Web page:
One of the things that will crush your results is something that sounds positive but isn’t. Many pride themselves on this activity, because it makes them feel valuable. Over time, as you do more of this activity, you do less of everything else, including the few more important things, like sales, growing the business, or leading your team.
What is worse is that the better you solve problems, the more problems will find their way to you. Soon you will find yourself in reactive mode, responding to others, and solving their problems. When you reach this point, you will find yourself in a firefighter role, rushing from one difficulty to trouble somewhere else, resting between urgencies. If this is you, consider this an intervention.
Sales Roles and Solving the Right Problem
The role of sales requires you to solve a particular set of problems that, when resolved, results in new opportunities, new clients, and better results for their clients and their company. There is no end to the problems you need to solve, starting with acquiring meetings with your prospective clients, a challenge you must solve to succeed. Once you are sitting in front of your dream client, you have to help them understand their world and the implication of maintaining the status quo if you are to help them move towards better outcomes. These are some of the problems of creating new opportunities, one of the primary responsibilities of a person with a sales title.
Later in the sales conversation, there are other obstacles you have to overcome, many of which require a high skill level, especially the ability to negotiate with your contacts. At some point, you might have to figure out how to convince your contact that it is in their best interest to allow you to meet with the people who are going to be impacted by any change you help them make, especially those who are going to get to weigh in on any decision. You will almost certainly have to solve the problem of justifying your higher price when you compete against other sales organizations with a model built on no additional value outside having the lowest price.
Winning big deals is the problem you were hired to solve. But it is easy to deal with the wrong issues when you are accountable for your client’s better results. You owe them the outcomes you promised them when you acquired their business, which means, if there is a problem producing the better results, you have to deal with the challenges that always come with execution, especially executing new solutions. What you are not responsible for are all the little transactional problems that show up along the way.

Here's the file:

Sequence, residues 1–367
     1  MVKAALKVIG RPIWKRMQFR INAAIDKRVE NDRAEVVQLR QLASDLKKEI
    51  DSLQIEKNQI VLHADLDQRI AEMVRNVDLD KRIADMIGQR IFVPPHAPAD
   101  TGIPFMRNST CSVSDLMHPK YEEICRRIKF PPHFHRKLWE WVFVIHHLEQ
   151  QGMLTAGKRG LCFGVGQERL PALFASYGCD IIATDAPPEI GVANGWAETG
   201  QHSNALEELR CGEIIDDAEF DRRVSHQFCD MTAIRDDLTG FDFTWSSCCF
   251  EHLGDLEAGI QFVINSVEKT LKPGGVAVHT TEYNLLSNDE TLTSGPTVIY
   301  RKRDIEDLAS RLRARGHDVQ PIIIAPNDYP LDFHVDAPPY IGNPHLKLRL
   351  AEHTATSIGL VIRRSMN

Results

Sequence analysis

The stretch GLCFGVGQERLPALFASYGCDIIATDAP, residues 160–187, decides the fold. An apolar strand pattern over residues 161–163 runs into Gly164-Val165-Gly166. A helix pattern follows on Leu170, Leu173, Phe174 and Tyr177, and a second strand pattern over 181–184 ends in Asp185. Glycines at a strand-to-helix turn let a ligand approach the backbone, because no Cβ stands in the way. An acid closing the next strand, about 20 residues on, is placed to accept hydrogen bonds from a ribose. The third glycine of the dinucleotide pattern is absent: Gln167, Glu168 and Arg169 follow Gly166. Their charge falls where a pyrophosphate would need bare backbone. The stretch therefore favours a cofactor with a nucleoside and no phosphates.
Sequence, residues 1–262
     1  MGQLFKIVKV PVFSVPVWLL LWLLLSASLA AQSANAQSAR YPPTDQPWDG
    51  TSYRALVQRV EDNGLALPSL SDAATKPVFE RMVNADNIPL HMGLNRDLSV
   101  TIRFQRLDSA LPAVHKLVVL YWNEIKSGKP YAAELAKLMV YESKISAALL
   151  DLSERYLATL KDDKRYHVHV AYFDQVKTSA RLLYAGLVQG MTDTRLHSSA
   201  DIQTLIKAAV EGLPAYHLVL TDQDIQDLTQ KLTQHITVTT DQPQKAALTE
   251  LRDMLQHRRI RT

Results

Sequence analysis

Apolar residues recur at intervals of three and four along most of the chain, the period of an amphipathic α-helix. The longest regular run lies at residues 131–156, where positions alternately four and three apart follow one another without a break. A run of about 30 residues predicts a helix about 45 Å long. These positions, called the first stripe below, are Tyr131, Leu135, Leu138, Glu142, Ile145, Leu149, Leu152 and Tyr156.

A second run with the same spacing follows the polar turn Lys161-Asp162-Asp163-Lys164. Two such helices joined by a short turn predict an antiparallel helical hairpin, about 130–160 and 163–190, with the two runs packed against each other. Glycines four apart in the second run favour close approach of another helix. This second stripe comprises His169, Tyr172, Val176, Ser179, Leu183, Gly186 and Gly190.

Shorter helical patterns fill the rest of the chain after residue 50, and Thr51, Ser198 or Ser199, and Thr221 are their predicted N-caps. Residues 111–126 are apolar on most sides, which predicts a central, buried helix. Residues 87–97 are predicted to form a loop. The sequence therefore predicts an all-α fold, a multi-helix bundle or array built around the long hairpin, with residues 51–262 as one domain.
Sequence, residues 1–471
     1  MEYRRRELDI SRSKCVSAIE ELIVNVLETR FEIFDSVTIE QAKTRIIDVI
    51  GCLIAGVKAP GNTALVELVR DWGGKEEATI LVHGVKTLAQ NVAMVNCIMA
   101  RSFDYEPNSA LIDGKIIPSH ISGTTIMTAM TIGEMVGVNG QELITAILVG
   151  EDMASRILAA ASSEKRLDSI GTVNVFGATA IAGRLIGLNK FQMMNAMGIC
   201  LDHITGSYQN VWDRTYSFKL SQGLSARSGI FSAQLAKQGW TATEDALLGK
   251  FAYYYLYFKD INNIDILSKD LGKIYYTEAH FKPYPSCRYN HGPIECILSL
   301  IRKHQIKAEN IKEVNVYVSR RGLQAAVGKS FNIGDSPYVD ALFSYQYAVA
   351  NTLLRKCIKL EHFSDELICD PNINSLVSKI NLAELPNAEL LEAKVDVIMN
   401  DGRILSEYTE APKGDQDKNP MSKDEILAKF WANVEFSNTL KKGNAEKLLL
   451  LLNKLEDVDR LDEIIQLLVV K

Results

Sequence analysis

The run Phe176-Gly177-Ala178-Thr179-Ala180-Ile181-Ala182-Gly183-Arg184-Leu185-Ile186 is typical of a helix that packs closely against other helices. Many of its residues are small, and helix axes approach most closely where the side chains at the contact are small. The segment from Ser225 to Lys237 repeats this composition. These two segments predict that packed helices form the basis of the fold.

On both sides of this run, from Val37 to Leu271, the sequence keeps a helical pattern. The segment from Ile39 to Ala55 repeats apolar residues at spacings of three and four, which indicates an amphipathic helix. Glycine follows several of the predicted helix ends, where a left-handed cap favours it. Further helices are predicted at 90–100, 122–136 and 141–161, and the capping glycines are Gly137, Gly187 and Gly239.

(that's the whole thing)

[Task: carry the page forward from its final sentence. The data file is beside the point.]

Even though it feels good to take calls from your clients, always being there to help them, you diminish your stature and your value when you spend your time on things like following up on a lost order, retyping an invoice, generating their reports, coordinating with your team on a mistake on their P.O., or a thousand other problems that someone else in some different role is responsible for that challenge.
You stick to the problems your company hired you to dispatch and let others keep the ones that belong to them.
Leaders and Solving the Right Problem
Your company hired you as a sales leader to solve the problem of providing leadership to a team of salespeople, ensuring they put forth their best effort and results, and reach their goals.
You have to solve many challenges, often without the necessary resources. Your first responsibility is to train, coach, develop and grow the individuals on the team, ensuring they have the capabilities required to sell effectively in a world where much has changed, and that requires much more of them than it did in the past. Many—perhaps, most—sales leaders don’t have the tools or resources they need to solve the challenge of improving each team member.
A sales leader’s second most crucial difficulty is the same as the salesperson’s first, opportunity creation to ensure they reach their goals. You solve the problem of incremental growth, which requires net new revenue after making up any churn in clients. Many hope they succeed, but those who are serious about this challenge start with structures, like territory and account plans, prospecting sequences, building insights that allow their team to position themselves as consultative salespeople and experts. They work on plays and role-playing to improve their team’s skills and abilities.
The third problem for the sales leaders is ensuring that they capture enough opportunities. They review opportunities with the individuals on their team, verify they have the resources needed to win, help them develop a strategy, and troubleshoot the challenges they encounter throughout the sales conversation.
One of the primary obstacles that show up for sales leaders comes from their leadership team. Things like the request for frequent updates on their forecast, as if looking at the scoreboard would have a more significant impact on the results than actually playing the game, resemble the salesperson’s client who needs a report. The need to resolve execution issues and operational failures and damage control with the client and the sales force takes time away from growth by moving people from offense to defense.
Sales leaders and salespeople solve the problem of acquiring clients and creating growth.
Not Your Problem Is Your Problem
Do not read this and believe that you don’t owe the rest of your team your support and help. There will be times they require your help in solving problems, mainly because you are highly competent.
Instead, prioritize your work by focusing on the primary problems you are employed to resolve. Reduce the time you spend on other issues, especially those that belong to someone else on your team.
The problem with spending your time solving the wrong problems is that you leave your real problems unaddressed and unresolved.
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Filed under: Sales